Polymer surface based on feathers might one day lead to coating to protect ship and planes from deadly build-ups of ice
The structural features that prevent ice forming on penguins’ feathers have been copied to make an ice-resistant polymer surface. The team behind the work says the surface could help to design new freeze-resistant coatings, and might one day lead to a coating to protect ships and aeroplanes from deadly ice storms.
In recent years much effort has gone into developing superhydrophobic surfaces that repel water, using ridges or bumps to create unevenness that prevents water settling. But at low temperatures, these are vulnerable to becoming coated with ice if ice crystals form in the gaps between ridges, or water droplets coalesce and freeze.
Some hydrophobic surfaces take their designs from nature, such as the leaves of slippery plants or the namib desert beetle, and in this case researchers turned to penguins – who can walk and swim in sub-zero temperatures without their feathers frosting over – for inspiration.
They collected some shed Humboldt penguin feathers from a zoo in Beijing and looked at them under a scanning electron microscope. They identified several air-trapping structures including nanoscale ridges and interlocking hooks on the barbs of the feathers that would create the characteristic rough surface needed for superhydrophobicity. When they sprayed them with supercooled water microdroplets they found that as well as being very good at repelling water, the feathers stopped ice forming. ‘We believe that the nano-grooves on the feather and the microscale distances between the adjacent feathers are crucial to the icephobicity,’ says team member Jingming Wang from Beihang University. The group observed that neither water droplets nor ice crystals were able to stick to the feathers well.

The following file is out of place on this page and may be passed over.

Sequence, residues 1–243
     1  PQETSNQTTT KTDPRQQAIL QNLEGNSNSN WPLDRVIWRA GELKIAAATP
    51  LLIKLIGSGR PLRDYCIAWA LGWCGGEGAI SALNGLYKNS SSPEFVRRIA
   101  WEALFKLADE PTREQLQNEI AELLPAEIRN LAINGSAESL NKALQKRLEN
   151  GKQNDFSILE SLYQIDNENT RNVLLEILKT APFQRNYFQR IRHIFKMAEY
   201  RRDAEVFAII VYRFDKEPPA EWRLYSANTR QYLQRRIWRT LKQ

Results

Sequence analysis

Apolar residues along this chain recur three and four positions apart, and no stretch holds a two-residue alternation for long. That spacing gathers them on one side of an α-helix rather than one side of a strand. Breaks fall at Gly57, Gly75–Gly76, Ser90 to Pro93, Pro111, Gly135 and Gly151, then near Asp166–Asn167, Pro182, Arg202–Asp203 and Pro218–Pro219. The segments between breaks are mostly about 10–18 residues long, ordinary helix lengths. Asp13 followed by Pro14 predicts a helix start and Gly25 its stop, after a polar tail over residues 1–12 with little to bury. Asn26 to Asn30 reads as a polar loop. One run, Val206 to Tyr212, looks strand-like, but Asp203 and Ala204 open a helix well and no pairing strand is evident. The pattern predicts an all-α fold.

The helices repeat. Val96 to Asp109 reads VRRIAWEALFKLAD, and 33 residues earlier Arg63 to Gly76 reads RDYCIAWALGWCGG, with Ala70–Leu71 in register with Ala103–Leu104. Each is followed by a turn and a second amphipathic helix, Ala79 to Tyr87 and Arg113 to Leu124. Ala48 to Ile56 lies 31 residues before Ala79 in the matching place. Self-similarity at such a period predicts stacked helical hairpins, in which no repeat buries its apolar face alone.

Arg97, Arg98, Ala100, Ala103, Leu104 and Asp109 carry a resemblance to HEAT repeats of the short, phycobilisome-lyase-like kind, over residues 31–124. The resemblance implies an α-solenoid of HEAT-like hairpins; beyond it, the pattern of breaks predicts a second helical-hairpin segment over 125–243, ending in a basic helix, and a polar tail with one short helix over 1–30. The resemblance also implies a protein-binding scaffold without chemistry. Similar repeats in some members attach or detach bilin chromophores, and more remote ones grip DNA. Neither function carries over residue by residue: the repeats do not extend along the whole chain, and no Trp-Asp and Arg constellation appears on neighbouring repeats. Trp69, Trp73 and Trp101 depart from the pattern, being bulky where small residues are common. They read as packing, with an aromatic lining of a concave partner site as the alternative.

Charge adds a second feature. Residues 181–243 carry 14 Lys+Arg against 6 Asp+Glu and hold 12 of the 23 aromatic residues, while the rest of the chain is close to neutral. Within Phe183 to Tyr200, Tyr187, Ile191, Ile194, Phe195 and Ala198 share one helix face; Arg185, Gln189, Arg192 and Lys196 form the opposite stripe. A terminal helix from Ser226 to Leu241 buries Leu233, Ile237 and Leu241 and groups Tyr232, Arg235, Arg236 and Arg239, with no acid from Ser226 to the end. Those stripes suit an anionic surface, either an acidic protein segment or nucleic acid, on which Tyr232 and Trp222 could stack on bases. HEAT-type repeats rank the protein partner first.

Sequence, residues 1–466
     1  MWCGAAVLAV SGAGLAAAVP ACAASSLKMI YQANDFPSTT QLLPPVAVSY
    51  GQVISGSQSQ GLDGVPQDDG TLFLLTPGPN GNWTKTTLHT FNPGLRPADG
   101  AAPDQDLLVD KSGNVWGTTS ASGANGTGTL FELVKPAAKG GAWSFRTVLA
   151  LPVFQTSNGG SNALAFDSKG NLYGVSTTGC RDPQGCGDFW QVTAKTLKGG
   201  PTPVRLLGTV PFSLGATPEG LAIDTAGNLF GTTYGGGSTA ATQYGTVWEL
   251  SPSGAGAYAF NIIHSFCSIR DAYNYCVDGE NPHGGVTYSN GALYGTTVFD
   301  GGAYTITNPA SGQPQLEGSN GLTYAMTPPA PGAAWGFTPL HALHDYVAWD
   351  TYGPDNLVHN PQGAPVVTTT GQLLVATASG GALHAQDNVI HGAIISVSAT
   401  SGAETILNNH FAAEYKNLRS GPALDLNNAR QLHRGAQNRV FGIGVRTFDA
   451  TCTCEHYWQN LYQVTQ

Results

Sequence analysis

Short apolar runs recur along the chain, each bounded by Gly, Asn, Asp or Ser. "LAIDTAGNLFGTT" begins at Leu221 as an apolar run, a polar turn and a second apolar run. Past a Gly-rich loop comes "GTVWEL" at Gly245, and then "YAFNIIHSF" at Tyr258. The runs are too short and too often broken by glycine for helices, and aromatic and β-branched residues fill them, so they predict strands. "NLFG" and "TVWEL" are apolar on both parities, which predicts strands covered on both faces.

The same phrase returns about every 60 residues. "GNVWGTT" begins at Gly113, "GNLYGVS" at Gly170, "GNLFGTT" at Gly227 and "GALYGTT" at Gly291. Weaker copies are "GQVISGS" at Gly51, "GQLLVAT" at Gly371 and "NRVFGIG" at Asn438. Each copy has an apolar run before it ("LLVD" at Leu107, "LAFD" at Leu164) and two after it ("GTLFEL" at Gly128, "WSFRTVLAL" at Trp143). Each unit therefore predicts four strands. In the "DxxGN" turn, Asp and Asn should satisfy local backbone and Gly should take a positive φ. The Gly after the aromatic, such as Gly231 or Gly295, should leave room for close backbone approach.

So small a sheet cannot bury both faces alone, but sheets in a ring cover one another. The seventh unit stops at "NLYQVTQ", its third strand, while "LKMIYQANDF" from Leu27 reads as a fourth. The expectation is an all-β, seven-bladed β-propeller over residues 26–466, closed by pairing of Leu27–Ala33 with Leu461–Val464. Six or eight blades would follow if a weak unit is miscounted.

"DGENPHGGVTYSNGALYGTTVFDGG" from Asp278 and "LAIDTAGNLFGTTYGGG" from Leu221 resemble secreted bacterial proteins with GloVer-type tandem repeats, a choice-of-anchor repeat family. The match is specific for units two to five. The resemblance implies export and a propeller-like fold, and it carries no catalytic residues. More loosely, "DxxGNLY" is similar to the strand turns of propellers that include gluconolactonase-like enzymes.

American Chemical Society
The next step was to try and replicate these ice-resistant properties on an artificial surface. The team used high pressure electrospinning to build a fan-shaped replica ‘feather’ using very thin polyimide fibres. ‘The structure of the penguin feather is too complicated to replicate completely,’ says Wang. ‘We chose to focus on the main structure of the nanoscale fibres and the microscale distances [between them].’
When they carried out similar tests on the polyimide surface, they found that it was less icephobic than actual feathers. But the icephobicity could be altered by adjusting the spacing between the fibres. ‘If the distance between the air-infused nanostructures is high enough, the adhesion force between the ice and ice-resistant surfaces can be reduced, [and] the replica achieves good icephobicity,’ says Wang. When the spaces between the fibres were greater than the diameter of the droplets the surface could be sprayed with supercooled water at -5°C for hours without any ice forming.
The team hope their observations could be useful for designing new materials that are resistant to ice, such as the insulators used for electric cables.
Neil Shirtcliffe, who works on superhydrophobic surfaces at Rhine-Waal University of Applied Sciences in Germany says the findings are interesting because there has been ‘surprisingly little’ work on penguin feathers and ice. ‘The conclusions seem to agree with many others, that ice-resistant surfaces can be produced using roughness, but that more is needed than for superhydrophobicity,’ he comments. ‘We have many ways of producing and arranging polymer fibres, so this could help reduce the cost of ice-resistant coatings,’ he says, adding that the feather-inspired design would probably have to be further optimised, as ‘penguins have different environmental demands than a typical icing storm that might hit an aeroplane or bridge’.
S Wang et al, J. Phys. Chem. C, 2016, DOI: 10.1021/acs.jpcc.5b12298